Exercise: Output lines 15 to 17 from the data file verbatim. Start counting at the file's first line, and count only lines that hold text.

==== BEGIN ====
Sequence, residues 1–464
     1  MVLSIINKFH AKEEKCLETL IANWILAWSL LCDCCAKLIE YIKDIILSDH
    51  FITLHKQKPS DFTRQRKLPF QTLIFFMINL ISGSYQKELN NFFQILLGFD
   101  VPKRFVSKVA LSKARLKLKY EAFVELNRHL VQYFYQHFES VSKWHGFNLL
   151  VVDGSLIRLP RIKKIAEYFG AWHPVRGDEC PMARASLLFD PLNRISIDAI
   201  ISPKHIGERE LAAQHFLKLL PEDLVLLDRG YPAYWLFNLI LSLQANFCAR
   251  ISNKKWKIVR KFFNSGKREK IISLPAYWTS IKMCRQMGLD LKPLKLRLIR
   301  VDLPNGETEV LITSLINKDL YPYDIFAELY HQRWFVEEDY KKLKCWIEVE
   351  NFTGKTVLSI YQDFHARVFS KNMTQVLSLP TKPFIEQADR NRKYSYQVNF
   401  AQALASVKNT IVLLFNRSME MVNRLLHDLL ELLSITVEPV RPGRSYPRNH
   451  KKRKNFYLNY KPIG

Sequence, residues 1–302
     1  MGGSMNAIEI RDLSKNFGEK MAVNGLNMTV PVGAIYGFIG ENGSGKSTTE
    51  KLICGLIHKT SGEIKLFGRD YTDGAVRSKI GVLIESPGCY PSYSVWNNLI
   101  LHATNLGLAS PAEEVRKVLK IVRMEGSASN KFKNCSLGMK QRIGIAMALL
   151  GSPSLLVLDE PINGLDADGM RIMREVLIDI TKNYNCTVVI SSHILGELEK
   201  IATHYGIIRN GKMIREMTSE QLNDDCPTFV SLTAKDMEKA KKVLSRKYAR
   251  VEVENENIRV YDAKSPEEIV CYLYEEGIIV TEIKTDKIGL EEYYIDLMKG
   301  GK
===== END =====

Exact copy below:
   101  LHATNLGLAS PAEEVRKVLK IVRMEGSASN KFKNCSLGMK QRIGIAMALL
   151  GSPSLLVLDE PINGLDADGM RIMREVLIDI TKNYNCTVVI SSHILGELEK
   201  IATHYGIIRN GKMIREMTSE QLNDDCPTFV SLTAKDMEKA KKVLSRKYAR